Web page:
I frequently argue in my headphone reviews that the look, the exterior design of a particular kit is rarely terribly important to me. If a pair of headphones sound great, I’m usually happy to wear them no matter how hideous they may be. Sony’s WI-1000X Wireless Noise Cancelling Headphones have broken my resolve. They do sound great and the noise cancellation is quite solid. But I can’t get past how ugly they are.
I understand the design problem Sony was faced with here. I understand that they wanted the kind of noise cancellation you can get from proper enclosed headphones — similar to its cousin, the WH-1000XM2 — but married to the portability of earbuds. The problem, of course, then becomes about where to put all the noise cancellation hardware and the battery to power such an endeavour. And so that ridiculous neck brace, the one you can see in the header image, was born. The one that makes me feel like a complete and total tit every time I’ve worn it out in public.
These are headphones designed from the ground up for use by people who spend a lot of time in airports. In an airport, you can get away with wearing headphones that look this ridiculous. This is because airports are pocket dimensions. The normal rules of society, particularly those related to personal presentation, don’t apply. That’s why the WI-1000X headphones look the way they do. They’re purpose built for the world that exists solely within the walls of the airport and the commercial airliner — the one where the abstract becomes perfectly mundane and a pair of headphones like this will be far from the weirdest thing you’ve seen that day.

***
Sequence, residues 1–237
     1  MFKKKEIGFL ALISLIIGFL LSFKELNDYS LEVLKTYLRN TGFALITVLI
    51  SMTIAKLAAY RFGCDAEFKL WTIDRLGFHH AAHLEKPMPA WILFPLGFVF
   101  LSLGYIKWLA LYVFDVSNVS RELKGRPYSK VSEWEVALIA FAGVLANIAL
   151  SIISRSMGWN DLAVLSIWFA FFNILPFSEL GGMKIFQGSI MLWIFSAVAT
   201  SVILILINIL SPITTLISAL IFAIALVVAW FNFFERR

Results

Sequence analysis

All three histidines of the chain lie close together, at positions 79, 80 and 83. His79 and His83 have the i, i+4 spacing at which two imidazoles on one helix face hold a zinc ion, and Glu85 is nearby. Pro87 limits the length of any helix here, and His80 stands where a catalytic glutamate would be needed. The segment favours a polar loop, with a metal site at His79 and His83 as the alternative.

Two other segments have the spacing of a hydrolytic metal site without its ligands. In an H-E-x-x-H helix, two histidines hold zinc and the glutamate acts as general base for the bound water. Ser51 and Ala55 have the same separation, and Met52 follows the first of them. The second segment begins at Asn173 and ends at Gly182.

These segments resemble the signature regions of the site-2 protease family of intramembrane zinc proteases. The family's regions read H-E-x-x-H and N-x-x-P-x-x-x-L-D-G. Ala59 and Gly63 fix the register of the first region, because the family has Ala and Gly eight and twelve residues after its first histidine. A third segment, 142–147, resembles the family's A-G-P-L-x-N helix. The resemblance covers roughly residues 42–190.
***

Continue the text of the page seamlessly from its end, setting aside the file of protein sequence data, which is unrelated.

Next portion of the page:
You look dumb, WI-1000X, and you make me look dumb for wearing you.
The good news is, they sound great.
Sony’s mission, as stated above, was to create the kind of headphones that could replicate the sound and noise cancellation funcationality of closed-ear cans in an earbud design and, for the most part, they’ve gotten away with it. It’s still not enough to block out the dull roar of the plane engine entirely but take them on a bus or a train and you’ll find them more than up to the task.
The sound is well mixed with a nice balance between the upper and lower range, keeping the bass from blowing everything out and the sound mix fairly flat across the board. You get all the deep hums and the high end is crisp without going so far as to set your teeth on edge. They’re not going to blow your socks off in terms of sound quality but they’re no slouch either.
The ear buds are quite comfortable though I did have some trouble getting them to stay in my ears. There’s a few spares and different sized earbud nubs in the box so you can try a few and see if any fit your any better. If you have ears that, like mine, resolutely reject earbuds no matter the size or shape, you likely won’t find your golden goose here.
Battery life is, similar to the WH-1000XM2, surprisingly long. You’ll get several days out of a single charge and this hardy battery doesn’t seem to affect the weight of the neck brace that houses it which is a definite win. Long haul flights aren’t a problem with battery life this good.
So what’s the end result here? As a pair of headphones, the WI-1000X are a bit of an ugly duckling. The external design upsets me greatly, but they sound nice and, provided you don’t catch a glimpse of yourself in a mirror or reflective surface, you could potentially forget you were wearing them. I’ll be very interested to see what sort of user base these particular earrphones attract.
Score: 7.0 out of 10
Highlights: Solid sound; Long battery; Lightweight
Lowlights: U-G-L-Y, you ain’t got no alibi, you ugly
Price: $449.95 AUD
Reviewed using a loaned retail headset provided by the manufacturer.